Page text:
A closer look at Portland Trail Blazers guard Damian Lillard
PORTLAND, Ore. — This wasn’t a good season for the Blazers. The team didn’t live up to expectations and the majority of the players on the team came up short in that department as well.
The Blazers, however, finished the regular season with 41 wins, the picture of mediocrity. The team played much better after the All-Star break with an 18-8 record, fourth-best in the NBA. The Blazers were especially lifted by their performance in March, when Portland won 13 of 16 games. But even though the Blazers finished the regular season strong and made the playoffs, the season was a disappointment overall.
Some of the grades for the Blazers for this season won’t be pretty. They reflect the reality of what happened all season, not just in March.
The good news is the book has closed on the 2016-17 season. The players can work this summer to improve their games. The front office can make smart moves to improve the roster. Everyone gets a fresh slate, a blank report card, when training camp begins next October.
GRAPHIC INSTRUCTIONS: Take a stroll around the court and check out the player cards for the nine rotation members of the 2016-17 Portland Trail Blazers. Click on each card to open a larger version. Click on the card again to flip it over and see the back. To close the card you’re looking at, click it one more time. Mobile users, rotate your phone to see the full graphic.
- Starting point guard
- Player impact estimate score: 15.9
- Grade: B+
Lillard had the best statistical season of his career in 2017. He set career highs in points (27.0), rebounds (4.9), field-goal (44.4) and free-throw percentage (89.5). He was even better after the All-Star break, averaging 29.7 points, 4.9 rebounds, 6.0 assists and 1.3 steals per game, while increasing his shooting from the field and 3-point line (46.7 and 41.3, respectively).
At the All-Star break, when many were calling for the Blazers to tank, Lillard told the media that he was going to “man up.” Boy, did he follow through. He was Western Conference Player of the Month in March, when he led the Blazers to a 13-3 record while averaging 29.1 points, 4.4 rebounds, 6.0 assists and 1.4 steals while shooting 48.3 percent from the field, 41.7 percent from the 3-point line and 87.7 at the free-throw stripe.
Lillard’s defense continues to be an issue. He allowed 0.9 points per possession in isolation plays, which ranked in the 48th percentile of the league. And the Blazers allowed 109 points per 100 possessions when he was on the floor, the worst mark of his career.
LILLARD’S DEFENSIVE RATING
- 2016-17: 108.9
- 2015-16: 107.3
- 2014-15: 102.7
- 2013-14: 105.1
- 2012-13: 107.2
There is good news. In March, when the Blazers played their best basketball of the season, Lillard’s defensive rating was 104.3, which would be the second-best mark of his career. Once Lillard had a legitimate defensive presence like Jusuf Nurkic patrolling the paint, his defense suddenly wasn’t as much of an issue.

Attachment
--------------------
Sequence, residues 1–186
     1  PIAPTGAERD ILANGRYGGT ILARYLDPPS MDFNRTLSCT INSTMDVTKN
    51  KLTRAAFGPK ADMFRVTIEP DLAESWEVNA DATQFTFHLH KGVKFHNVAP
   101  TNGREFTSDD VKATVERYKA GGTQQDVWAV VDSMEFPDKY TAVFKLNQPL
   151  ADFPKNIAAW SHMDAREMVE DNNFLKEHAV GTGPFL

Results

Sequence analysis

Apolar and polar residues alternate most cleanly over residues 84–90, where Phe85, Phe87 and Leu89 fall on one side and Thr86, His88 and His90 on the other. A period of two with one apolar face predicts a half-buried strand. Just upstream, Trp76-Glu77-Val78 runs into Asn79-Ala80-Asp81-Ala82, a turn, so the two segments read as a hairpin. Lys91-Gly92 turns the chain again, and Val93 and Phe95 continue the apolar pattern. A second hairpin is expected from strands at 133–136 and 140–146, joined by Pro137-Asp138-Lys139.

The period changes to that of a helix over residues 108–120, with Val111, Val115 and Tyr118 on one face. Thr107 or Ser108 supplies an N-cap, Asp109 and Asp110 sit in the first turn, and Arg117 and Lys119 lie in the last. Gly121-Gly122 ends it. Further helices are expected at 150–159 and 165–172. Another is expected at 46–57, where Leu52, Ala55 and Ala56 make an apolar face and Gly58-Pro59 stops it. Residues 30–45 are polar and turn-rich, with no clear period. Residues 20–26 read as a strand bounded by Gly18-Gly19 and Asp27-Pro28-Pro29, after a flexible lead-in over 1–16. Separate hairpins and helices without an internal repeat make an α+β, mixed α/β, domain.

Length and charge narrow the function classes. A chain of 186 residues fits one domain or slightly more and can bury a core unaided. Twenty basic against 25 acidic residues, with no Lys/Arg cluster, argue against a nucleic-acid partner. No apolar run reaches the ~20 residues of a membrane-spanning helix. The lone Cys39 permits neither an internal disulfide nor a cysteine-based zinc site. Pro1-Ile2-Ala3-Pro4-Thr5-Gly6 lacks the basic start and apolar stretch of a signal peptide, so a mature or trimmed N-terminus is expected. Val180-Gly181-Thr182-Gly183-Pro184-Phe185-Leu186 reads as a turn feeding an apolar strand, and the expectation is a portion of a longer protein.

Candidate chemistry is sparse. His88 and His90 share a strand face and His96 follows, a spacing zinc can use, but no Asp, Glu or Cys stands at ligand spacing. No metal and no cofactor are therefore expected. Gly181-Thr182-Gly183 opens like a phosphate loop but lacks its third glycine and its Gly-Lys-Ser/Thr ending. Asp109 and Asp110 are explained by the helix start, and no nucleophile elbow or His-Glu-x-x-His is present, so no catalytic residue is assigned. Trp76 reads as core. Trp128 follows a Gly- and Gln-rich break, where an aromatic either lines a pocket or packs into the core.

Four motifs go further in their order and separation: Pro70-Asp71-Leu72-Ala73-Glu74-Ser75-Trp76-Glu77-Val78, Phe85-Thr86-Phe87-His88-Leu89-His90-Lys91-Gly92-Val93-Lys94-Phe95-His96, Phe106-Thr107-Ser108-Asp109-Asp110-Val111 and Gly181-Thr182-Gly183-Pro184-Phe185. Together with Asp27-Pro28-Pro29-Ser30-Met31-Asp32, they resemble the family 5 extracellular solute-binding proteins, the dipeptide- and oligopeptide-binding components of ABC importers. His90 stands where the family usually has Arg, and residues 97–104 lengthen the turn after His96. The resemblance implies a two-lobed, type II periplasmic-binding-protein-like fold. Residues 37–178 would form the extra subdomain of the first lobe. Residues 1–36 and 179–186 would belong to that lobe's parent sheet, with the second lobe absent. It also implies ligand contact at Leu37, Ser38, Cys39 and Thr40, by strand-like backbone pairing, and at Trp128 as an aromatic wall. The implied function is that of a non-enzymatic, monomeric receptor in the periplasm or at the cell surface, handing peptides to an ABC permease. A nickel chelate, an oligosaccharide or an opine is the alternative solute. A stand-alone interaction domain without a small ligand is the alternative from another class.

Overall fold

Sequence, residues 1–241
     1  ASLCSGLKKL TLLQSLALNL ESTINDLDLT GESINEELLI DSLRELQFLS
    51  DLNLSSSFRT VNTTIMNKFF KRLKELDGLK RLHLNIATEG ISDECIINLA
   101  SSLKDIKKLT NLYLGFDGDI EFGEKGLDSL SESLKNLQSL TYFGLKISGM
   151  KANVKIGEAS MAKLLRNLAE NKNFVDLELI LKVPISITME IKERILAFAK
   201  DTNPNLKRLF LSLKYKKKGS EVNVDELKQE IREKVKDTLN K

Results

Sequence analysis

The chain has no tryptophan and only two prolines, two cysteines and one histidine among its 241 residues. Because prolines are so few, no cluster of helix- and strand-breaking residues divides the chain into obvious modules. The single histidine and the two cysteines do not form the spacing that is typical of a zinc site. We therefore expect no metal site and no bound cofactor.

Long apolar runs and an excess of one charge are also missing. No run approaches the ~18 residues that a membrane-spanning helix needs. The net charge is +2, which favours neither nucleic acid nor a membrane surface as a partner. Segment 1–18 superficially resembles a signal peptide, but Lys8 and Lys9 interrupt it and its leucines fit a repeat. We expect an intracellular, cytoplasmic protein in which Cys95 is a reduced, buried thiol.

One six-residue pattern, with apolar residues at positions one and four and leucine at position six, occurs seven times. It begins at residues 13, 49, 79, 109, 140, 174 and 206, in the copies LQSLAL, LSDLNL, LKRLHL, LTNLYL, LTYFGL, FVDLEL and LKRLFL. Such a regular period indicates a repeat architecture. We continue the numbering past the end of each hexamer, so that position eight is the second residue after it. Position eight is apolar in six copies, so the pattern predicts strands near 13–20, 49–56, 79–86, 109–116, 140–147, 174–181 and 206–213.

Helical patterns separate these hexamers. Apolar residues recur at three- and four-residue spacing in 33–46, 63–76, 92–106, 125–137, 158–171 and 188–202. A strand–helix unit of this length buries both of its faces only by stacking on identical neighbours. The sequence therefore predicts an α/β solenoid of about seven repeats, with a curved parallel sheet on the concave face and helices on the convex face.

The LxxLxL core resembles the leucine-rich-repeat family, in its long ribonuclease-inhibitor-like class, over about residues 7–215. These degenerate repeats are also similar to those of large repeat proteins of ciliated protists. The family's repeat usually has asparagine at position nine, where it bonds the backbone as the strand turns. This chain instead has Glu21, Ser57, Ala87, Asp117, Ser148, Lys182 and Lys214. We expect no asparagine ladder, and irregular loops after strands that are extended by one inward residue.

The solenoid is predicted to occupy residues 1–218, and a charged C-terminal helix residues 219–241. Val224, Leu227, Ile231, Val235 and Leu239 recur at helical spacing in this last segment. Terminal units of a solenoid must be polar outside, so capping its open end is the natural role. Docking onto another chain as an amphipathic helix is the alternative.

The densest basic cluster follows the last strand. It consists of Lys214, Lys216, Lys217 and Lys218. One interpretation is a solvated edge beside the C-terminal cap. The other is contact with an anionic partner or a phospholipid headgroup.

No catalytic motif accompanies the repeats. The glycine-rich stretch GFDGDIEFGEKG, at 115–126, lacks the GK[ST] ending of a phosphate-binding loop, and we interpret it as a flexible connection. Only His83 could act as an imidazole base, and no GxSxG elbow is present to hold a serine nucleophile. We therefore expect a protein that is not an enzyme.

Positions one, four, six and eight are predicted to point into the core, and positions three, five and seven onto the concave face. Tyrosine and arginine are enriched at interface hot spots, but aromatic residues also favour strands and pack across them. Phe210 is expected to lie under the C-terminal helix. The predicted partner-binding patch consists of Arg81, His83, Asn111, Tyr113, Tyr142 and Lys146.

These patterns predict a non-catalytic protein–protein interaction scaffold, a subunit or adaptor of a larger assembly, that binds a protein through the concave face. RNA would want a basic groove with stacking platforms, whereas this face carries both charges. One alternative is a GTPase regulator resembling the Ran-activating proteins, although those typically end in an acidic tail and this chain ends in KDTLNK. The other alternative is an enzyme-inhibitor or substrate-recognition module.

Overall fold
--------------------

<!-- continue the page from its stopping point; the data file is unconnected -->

When the Blazers’ “big three” — Lillard, CJ McCollum and Nurkic — were on the court together, the Blazers offense and defense were both elite. In 419 combined minutes over 20 games (during which the Blazers were 14-6), the Blazers scored 114.3 points per 100 possessions on offense and allowed 103.0 per 100 possessions on defense.
That offensive rating would have ranked No. 1 in the NBA. The defensive rating would have ranked fifth. It’s a small sample size, but it gives some credence to the thought that Lillard’s defensive struggles aren’t entirely of his own creation, but more a byproduct of not having the right players around him. After all, his best defensive season was in 2014-15, when he was surrounded by complementary defensive players (LaMarcus Aldridge, Nic Batum, Wes Matthews, Robin Lopez).
Defense is Lillard’s only weakness. To reach elite status (and stop coaches from leaving him off the All-Star team), Lillard must improve his performance on that end of the court through internal progress and a better-equipped roster.
Blazers report cards
Note: Report cards weren’t made for Ed Davis, Pat Connaughton, Jake Layman, Shabazz Napier or Tim Quarterman, because they played too few games and minutes for an accurate assessment of their value.
How we determined each player's grade
These grades reflect where each player fits within the hierarchy of the league, as judged by statistical data. The NBA statistic “Player Impact Estimate” (PIE) was the data point used to calculate each grade.
According to NBA.com, PIE “measures a player’s overall statistical contribution” while they’re on the court. It is a comparable stat to Player Efficiency Rating (PER).
The formula to compute the statistic incorporates points, field goals made and attempted, free throws made and attempted, defensive rebounds, offensive rebounds, assists, steals, blocked shots, personal fouls and turnovers.
For context, Russell Westbrook had the highest PIE in the NBA with a score of 23, followed by Anthony Davis with a score of 19.2. An average player in the NBA, according to the PIE statistic, had a score between 10 and 11 and included players like Otto Porter Jr. and Marcin Gortat.
19 PIE and up — A+
17.7-18.9 — A
16.4-17.6 — A-
15.1-16.3 — B+
13.8-15.0 — B
12.5-13.7 — B-
11.2-12.4 — C+
9.9-11.1 — C
8.6-9.8 — C-
7.3-8.5 — D+
6-7.2 — D
4.7-5.9 — D-
3.4-4.6 — F+
2.1-3.3 — F
0-2.0 — F-
Jared Cowley is a digital producer at KGW. Follow him on Twitter here.